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A sailor's view of early career service in the Marine nationale on the eve of the First World War

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posted on 2022-08-29, 22:15 authored by Chris MadsenChris Madsen


Conventional naval histories seldom consider the individual experiences of common sailors. Subaltern and other approaches to history from below use new sources to take a different viewpoint. In May 1913, recruit Georges Brucelle arrived in Toulon to start voluntary service in France’s Marine nationale. After completing common training, he specialized in torpedoes and undertook instruction to gain qualification. Assigned to a destroyer minelayer, Brucelle died along with many other of the ship’s crew during operations in 1915. Personal letters sent to his family reveal insights into the working and social lives of a French sailor just before the Great War.

Les histoires navales conventionnelles tiennent rarement compte des expériences individuelles des marins ordinaires. Les approches subalternes et autres de l'histoire par le bas utilisent de nouvelles sources pour adopter un point de vue différent. En mai 1913, la recrue Georges Brucelle arrive à Toulon pour commencer le service volontaire dans la Marine nationale. Après avoir terminé une formation commune, il se spécialise dans les torpilles et entreprend une instruction pour obtenir une qualification. Affecté à un contre-torpilleur mouilleur de mines, Brucelle mourut avec de nombreux autres membres de l'équipage du navire lors d'opérations en 1915. Des lettres personnelles envoyées à sa famille donnent un aperçu de la vie professionnelle et sociale d'un marin français juste avant la Grande Guerre.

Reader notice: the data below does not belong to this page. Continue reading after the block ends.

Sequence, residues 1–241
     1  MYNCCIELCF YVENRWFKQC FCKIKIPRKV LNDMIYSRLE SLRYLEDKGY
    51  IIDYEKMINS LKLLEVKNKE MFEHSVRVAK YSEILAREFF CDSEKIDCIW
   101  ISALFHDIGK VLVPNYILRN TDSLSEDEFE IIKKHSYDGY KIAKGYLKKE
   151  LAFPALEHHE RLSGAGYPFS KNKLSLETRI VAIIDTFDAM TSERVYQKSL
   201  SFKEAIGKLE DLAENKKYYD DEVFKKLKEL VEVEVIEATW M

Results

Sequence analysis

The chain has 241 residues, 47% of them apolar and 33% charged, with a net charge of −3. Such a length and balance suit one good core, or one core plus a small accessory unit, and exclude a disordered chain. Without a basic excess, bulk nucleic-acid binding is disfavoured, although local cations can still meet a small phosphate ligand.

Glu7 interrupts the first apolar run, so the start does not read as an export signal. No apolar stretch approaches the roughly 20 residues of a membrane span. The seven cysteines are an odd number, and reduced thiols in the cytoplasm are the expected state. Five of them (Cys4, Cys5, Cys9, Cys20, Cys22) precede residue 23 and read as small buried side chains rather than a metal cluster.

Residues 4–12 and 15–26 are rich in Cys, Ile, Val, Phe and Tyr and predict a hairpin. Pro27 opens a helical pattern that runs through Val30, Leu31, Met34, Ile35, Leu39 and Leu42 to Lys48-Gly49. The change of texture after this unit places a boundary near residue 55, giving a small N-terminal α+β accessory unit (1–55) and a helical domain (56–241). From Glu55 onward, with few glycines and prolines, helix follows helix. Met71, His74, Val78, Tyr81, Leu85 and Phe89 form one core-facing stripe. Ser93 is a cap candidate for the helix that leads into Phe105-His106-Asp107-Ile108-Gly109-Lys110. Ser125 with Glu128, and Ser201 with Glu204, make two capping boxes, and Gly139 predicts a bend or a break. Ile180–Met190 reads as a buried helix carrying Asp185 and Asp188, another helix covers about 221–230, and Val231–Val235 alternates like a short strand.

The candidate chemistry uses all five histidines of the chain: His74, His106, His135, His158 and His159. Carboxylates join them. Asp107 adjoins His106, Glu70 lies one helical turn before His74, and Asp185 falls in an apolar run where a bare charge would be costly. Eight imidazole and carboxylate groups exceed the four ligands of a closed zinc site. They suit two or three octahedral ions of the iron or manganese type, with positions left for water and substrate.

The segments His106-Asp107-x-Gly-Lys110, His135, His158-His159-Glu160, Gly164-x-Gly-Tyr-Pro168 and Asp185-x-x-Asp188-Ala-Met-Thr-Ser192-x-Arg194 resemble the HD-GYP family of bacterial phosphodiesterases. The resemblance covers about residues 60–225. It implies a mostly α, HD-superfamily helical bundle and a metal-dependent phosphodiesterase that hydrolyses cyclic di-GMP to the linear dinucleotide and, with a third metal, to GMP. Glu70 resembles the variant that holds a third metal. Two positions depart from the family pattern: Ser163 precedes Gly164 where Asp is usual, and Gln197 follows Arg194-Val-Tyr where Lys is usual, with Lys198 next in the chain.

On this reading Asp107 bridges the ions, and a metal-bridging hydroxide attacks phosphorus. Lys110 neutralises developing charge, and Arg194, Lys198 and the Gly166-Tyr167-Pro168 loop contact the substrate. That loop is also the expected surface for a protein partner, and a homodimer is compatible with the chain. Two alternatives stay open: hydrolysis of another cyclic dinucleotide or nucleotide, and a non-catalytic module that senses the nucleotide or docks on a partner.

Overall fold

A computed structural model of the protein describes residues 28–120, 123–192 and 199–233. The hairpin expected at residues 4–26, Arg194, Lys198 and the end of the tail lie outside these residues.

Royal Military College of Canada


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Lead author country

  • Canada

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  • Higher Education Faculty 4-yr College

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Canadian Forces College, Royal Military College of Canada

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